Christian history describes several men named Valentine (or Valentinus), and even a women named Valentina. Legends tell about the courage of a Valentine who died for his faith on February 14th. The legends encourage Christians to boldly stand up for Jesus in the face of struggles.

Valentine and the Emperor
One of the legends tells of a harsh Roman emperor, Claudius. The emperor conquered tribes that tried to invade Rome. But more and more tribes were becoming a threat. Claudius needed more soldiers, but few men wanted to leave their wives and families to serve as soldiers for 25 years.
So Claudius made a law against weddings! If men did not marry, they would be more willing to be soldiers.

Young men and women who were engaged were heartbroken.

Valentinus (Valentine) secretly joined couples in marriage. “Marriage was God’s idea!” he said. “No emperor can hinder what God created!”

Valentinus was arrested, and just like Christians in many countries today, he continued to speak the truth ever after his arrest.

The Story of St. Valentine: More Than Cards and Candied Hearts is available at VOMBooks.com.

Read more stories about Valentine here  and here.


Spotlight Story

Unwelcome Visitors

Robert Thomas was a missionary to China, but he also wanted to go to Korea and share the gospel with Koreans who had never heard of Jesus. When Thomas heard about an American who was sailing to Korea to buy and sell goods, he offered to serve as a translator.

Thomas had learned some Korean while on another short visit to Korea. The captain agreed to take Thomas aboard, and the ship sailed into the Yellow Sea, then up a Korean river toward Pyongyang. Thomas took a case of Bibles with him on the journey.

Korea was called “the hermit kingdom” because Koreans did not like visitors or traders from other countries. (A hermit is someone who lives alone and does not spend time with other people.) The captain hoped to change their minds. But the Koreans did not welcome the men on the ship. Thomas translated while the captain talked with Korean messengers.

After a time, their peaceful discussion turned to anger. Then the ship got stuck on a sandbar and could not leave. The Koreans threw rocks and burning sticks onto the ship, and the ship’s crew fired guns toward the Koreans.

Precious to the Lord
Thomas threw Bibles to the shore and tried to talk to the Koreans about making peace. He asked God to help him. Then the Koreans filled a small boat with tree branches and set them on fire. They pushed the boat toward Thomas’s ship, and the ship caught on fire. The ship’s crew jumped into the river as the ship began to sink. Thomas made it to shore with a Bible. When he saw that he was going to be killed, he held out the Bible to a Korean man and said, “Jesus, Jesus.”

Robert Thomas was 26 years old when he died. Some might say that his life was wasted. But God’s ways are not our ways. The Bible says, “Precious in the sight of the Lord is the death of His saints” (Psalm 116:15).

Years later, an American missionary visited a guesthouse in Korea and noticed unusual paper on the walls. Many guests came to the house to read the writing on the wallpaper. The owner of the house, Mr. Park, had covered the walls with pages of the Bible that Robert Thomas had offered to his killers. Mr. Park had also read the walls and given his life to Christ. Mr. Park’s nephew attended a Bible college, and he later helped complete a Korean translation of the Bible that was easier to understand than the Bible that the Koreans had been reading up to that time.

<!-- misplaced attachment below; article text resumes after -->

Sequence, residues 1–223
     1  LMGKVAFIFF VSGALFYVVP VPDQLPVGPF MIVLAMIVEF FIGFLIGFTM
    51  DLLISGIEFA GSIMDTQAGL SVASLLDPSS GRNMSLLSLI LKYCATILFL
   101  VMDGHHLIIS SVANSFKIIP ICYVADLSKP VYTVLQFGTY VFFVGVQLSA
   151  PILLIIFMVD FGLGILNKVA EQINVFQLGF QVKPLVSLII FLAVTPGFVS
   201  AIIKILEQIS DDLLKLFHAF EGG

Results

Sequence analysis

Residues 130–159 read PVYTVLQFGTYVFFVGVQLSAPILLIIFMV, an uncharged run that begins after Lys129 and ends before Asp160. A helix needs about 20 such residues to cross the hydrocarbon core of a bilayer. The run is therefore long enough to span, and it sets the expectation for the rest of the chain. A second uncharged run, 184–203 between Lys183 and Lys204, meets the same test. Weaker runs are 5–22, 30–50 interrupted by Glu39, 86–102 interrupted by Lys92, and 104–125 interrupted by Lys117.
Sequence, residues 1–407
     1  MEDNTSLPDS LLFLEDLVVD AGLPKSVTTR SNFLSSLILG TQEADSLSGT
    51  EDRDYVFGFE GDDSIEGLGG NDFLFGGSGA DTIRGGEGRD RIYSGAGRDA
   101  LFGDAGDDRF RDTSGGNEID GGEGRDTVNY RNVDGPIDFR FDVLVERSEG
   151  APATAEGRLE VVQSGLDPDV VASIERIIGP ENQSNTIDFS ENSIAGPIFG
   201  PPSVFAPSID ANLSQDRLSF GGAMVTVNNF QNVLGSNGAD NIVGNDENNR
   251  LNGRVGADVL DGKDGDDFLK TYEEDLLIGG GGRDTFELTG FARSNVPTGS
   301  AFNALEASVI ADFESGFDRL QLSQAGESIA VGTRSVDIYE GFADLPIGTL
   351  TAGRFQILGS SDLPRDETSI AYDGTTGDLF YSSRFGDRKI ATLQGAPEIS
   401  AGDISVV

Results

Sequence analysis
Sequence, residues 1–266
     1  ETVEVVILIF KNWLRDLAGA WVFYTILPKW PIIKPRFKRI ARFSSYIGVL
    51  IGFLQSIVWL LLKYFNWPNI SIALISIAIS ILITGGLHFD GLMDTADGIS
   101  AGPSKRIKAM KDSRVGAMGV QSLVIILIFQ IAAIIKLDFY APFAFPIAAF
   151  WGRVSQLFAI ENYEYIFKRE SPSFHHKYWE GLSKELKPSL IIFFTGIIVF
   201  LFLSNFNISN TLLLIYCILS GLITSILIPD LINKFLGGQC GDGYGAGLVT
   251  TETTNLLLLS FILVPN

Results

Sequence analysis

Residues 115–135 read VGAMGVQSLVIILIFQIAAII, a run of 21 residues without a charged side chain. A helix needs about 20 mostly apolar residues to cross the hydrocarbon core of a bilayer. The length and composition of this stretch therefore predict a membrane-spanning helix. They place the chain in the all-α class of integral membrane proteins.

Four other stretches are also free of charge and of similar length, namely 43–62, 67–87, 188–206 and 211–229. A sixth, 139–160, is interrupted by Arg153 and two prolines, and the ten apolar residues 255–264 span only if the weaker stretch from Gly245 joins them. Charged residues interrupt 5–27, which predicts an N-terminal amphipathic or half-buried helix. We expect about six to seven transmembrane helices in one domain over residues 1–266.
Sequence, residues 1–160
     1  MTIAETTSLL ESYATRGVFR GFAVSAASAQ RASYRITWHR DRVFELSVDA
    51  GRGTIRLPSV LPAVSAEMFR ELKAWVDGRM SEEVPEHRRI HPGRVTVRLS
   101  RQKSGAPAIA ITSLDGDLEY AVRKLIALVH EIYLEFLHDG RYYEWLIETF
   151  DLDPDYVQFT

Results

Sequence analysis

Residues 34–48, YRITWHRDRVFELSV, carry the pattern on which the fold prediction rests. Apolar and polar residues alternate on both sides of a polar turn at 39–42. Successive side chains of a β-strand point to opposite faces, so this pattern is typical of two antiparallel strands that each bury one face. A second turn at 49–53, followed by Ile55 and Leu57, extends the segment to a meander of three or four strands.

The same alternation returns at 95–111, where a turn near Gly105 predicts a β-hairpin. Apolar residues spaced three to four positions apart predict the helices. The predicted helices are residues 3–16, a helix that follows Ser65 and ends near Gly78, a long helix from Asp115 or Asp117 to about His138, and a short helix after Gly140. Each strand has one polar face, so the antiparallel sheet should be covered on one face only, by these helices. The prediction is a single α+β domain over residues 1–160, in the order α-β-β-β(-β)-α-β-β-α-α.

(Source: Restricted Nations:North Korea, available from VOMBooks.com.)

Watch a video clip about Robert Thomas here.

Learn more about Thomas and 15 other Christian heroes in The Torchlighters Ultimate Activity Book and DVD set, available at VOMBooks.com. The book includes 144 pages of stories, devotionals, challenging coloring pages, extreme dot-to-dots, crafts, and activities related to the 16 heroes on the accompanying Torchlighters DVDs.


Spotlight Story

North Korea: First Words

North Korean baby

What were the first words you learned as a baby? “Mama” or “Dada” are the first words of many babies.

“But that’s not really good in North Korea,” said Dr. Eric Foley, the president of VOM-Korea.

The government of North Korea expects people to follow the teachings of Juche (JOO-chay). Juche teaches that human beings are the masters of everything. (Learn more about Juche here.)

Citizens of North Korea must honor:
*Kim Il Sung, North Korea’s first leader, who died in 1994
*Kim Jong Il, Kim Il Sung’s son, who died in 2011
*And Kim Jong Un, Kim Il Sung’s grandson, who now leads the country.

According to Dr. Foley, 43,000 centers across North Korea teach Juche beliefs. And 100 percent of the people must be involved in honoring the leaders. Following Christ is not allowed.

So, if a North Korean baby’s first words are something like mama or dada, the baby’s parents might keep it secret. They don’t want government officials to think their family members are more important to them than the Kim family. If friends ask about the baby’s first words, the parents will often not tell the truth. They will say, instead, that the baby’s words were words from Juche teachings.

(Source: VOMRadio.net)

Pray that North Korean babies will learn that Jesus loves them.